I like to have the pan hot for an entirely different reason. It doesn't matter if I'm cooking eggs, or pancakes, or anything else runny, I don't want it to stick to the sides. So, if the pan is reasonably hot, things like pancake batter don't flow so far, and whatever does touch the edge, is less likely to stick there. I think the sizzling pushes the butter along to the edges.

I have used an angle grinder, with a flexible pad, to machine a pan that was a simple sand cast. It turned out pretty good. Another thing that can work, is to clean a pan really thoroughly with soap and water, and then leave a damp rag touching it. The portion touching the rag, will rust. This will be the high spots . If this is done a few times, the bottom of the pan becomes somewhat more level after the rust is sanded away. I could see having the opposite effect if you put too much water, because the water would tend to flow to the deepest crevices, and then rust them even deeper.
 
pollinator
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James Freyr wrote:My wife and I like to use cast iron as well. We're still trying to get the seasoning layer on it to a point where eggs won't stick. I think being able to fry eggs is a good indicator of a properly seasoned pan. I hear it can be done, but we haven't quite achieved that level of non-stickness on our pans yet.



As others have noted, not all cast iron is the same.  I have two Lodge pans, which are really somewhat rough.  My mom has a couple (unknown manufacturer) whose bottoms are almost glass-like they're so smooth.

There is, as was also noted, a knack to frying eggs.  The pan needs to be hot enough, but not too hot, with enough fat, but not too much.  They've got to be left long enough on each side, but not too long.  And then there is the matter of how exactly you want them cooked (over easy, medium, hard).

But all that said, I have found that frying eggs in my cast iron pans has gotten easier over the years.  Some of that is attributable to increased skill, I'm sure, but much of it has to do with changes in the pans themselves from use.  The bottoms are smoother, primarily--probably a combination of having been both filled in (with carbon bits) and worn down physically from all the scraping.  We've never been regular about tending to our cast iron via seasoning and such--indeed, if anything we've been mostly negligent--so I can't claim that the increased 'performance' we're seeing has anything to do with any intentionality on our part.
 
James Freyr
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Thank you guys for the insight on cast iron pans. Sounds like pores in the surface come from the casting and it's not so much the chemistry of the iron being poured.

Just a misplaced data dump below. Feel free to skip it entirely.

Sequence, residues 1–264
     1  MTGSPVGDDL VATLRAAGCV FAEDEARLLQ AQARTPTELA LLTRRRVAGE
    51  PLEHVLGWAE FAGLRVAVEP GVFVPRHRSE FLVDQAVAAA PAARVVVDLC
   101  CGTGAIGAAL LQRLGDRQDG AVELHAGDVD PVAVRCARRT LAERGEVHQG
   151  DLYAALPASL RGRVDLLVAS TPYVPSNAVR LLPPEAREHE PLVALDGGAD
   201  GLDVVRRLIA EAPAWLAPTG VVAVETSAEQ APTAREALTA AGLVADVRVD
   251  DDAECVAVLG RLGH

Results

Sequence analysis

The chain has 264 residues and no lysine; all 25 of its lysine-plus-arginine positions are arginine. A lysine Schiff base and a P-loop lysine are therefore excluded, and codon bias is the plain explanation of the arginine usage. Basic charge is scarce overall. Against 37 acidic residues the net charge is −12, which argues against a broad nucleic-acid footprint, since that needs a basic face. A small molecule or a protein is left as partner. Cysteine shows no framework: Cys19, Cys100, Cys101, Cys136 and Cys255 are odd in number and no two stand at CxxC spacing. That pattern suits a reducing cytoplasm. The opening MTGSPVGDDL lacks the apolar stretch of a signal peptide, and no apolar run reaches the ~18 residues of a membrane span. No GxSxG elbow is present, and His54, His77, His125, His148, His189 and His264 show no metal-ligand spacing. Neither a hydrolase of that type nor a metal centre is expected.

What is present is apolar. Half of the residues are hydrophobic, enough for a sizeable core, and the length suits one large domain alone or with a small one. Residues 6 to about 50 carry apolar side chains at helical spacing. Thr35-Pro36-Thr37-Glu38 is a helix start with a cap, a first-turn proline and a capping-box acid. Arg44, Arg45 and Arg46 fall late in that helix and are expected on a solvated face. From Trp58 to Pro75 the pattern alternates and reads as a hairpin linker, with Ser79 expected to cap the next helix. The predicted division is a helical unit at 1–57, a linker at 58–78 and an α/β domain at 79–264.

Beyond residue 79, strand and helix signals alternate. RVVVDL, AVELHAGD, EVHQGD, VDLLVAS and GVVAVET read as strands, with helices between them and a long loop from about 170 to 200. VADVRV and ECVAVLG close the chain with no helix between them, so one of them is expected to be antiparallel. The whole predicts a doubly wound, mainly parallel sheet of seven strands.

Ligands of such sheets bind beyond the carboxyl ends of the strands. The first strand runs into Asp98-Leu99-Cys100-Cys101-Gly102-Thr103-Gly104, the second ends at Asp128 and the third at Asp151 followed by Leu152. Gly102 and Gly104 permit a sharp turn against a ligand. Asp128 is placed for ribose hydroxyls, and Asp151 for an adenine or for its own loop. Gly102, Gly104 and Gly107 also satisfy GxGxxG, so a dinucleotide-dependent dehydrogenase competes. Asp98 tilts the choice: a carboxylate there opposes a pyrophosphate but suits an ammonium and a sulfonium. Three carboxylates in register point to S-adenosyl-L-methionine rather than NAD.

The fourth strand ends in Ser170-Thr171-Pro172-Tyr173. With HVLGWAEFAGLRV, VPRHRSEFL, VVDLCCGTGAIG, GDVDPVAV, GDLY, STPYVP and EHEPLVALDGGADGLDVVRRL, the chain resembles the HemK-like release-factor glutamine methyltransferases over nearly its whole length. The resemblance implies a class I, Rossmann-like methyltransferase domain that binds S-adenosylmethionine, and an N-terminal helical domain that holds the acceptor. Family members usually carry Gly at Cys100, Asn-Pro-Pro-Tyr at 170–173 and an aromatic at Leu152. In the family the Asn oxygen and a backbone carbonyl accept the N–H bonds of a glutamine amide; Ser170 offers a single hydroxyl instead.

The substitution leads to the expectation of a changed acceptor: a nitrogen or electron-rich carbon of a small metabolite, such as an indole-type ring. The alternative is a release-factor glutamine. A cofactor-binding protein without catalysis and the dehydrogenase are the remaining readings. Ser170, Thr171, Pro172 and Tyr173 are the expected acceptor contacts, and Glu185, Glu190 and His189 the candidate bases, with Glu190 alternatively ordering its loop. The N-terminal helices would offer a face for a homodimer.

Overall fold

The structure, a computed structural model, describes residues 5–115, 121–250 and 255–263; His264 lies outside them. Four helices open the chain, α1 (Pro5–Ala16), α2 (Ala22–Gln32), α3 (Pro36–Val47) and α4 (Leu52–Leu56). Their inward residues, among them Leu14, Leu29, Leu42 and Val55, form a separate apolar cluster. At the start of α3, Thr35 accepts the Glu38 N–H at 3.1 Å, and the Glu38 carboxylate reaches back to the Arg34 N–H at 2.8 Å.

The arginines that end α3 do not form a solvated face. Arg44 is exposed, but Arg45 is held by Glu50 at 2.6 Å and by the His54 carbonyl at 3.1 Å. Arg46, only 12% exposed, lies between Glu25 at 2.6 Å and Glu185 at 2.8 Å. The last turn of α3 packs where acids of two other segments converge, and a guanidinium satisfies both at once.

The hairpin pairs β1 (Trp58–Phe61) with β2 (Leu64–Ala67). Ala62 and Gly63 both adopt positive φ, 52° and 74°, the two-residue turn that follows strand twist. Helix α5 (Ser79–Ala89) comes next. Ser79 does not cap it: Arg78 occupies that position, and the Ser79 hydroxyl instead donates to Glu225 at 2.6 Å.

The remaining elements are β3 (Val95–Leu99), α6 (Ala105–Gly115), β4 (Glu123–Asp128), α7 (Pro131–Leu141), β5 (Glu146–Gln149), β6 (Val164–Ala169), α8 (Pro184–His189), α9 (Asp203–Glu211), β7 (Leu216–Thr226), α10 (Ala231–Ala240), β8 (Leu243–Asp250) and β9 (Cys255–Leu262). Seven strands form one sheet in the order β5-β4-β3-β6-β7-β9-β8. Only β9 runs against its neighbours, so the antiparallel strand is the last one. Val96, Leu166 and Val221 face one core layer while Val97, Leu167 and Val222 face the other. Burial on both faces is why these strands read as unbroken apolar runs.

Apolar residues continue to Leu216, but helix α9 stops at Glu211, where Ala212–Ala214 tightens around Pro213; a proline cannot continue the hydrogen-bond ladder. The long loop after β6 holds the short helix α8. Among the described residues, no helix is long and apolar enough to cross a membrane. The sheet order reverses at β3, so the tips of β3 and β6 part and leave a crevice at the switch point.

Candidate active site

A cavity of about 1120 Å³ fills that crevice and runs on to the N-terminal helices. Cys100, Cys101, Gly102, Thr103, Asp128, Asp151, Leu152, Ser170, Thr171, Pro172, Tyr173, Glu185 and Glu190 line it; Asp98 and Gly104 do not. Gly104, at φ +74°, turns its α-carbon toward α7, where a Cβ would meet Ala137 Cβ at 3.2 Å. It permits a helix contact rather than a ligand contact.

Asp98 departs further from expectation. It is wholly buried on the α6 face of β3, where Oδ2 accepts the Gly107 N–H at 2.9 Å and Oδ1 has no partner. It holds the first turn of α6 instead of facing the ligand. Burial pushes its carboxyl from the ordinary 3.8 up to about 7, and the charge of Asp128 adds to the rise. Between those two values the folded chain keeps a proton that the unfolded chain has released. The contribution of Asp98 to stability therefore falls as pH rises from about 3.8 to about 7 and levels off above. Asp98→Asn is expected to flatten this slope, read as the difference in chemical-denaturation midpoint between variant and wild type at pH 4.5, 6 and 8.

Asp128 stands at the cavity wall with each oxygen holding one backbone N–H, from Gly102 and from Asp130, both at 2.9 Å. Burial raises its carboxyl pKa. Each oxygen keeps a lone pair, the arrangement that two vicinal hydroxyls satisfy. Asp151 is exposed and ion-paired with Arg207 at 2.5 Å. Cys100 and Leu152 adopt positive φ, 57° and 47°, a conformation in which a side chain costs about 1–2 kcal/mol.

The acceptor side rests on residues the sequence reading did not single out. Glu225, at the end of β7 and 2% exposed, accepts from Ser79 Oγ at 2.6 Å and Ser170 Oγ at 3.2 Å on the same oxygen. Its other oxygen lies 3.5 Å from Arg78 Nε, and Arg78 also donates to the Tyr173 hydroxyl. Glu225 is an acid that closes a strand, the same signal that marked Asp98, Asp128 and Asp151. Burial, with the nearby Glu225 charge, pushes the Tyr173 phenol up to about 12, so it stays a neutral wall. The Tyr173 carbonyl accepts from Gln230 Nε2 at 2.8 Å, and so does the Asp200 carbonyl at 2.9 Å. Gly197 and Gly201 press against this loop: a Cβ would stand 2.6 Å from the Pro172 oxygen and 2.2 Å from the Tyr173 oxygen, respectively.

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Field company makes cast iron that is comparable to the good old pans.
 
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First of all you should know ALL cast iron is somewhat porous. But not all are the same level of porous. The old pans that you speak of that are smooth only APPEAR to be machined. They were cast in a ceramic mold and come out smooth and only need to have the mold sprue ground off of the edges. The new pans like the ones from Lodge, are Sand cast and come out rough or grainy. It is better for mass production. Lodge did offer a machined line of fry pans for a while but I don't know if they still do. The cooking surface only was machined very smooth. Some of the real cheap stuff that is made in China and India should be avoided as it may have voids in the casting that can cause it to crack or maybe even "pop" when it gets hot. I have a griddle that I can make over easy eggs and they wont stick at all.
 
Walt Chase
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Scott, I may have misspoke somewhat when I stated that Griswold pans were "machined".  They did actually machine some of their pans, but most were finished by a process called polish grinding. It leaves a finish that to the typical consumer looks "machined".  That is why so many older mfg pans are so much smoother than most current production pans. Giswold wasn't the only mfg to use this process.  Wagner Ware and Birmingham stove works also ground and polished some of their stuff. Other methods of finishing included tumbling (in steel media to smooth off the rough edges) along with as-cast, polish grinding and machined.  If I am not mistaken Lodge uses a process of shot blasting their stuff and pre-seasoning it before sale.  I have a number 9 Griswold round griddle that the polish marks are very evident still.

BTW, I would like to see where you got the information that cast iron was cast in a ceramic mold.  As far as I know the process is/was called sand casting.  

I whole heartedly agree with you on the Chinese and Indian cast iron.  Stay way far away.  Not good quality at all.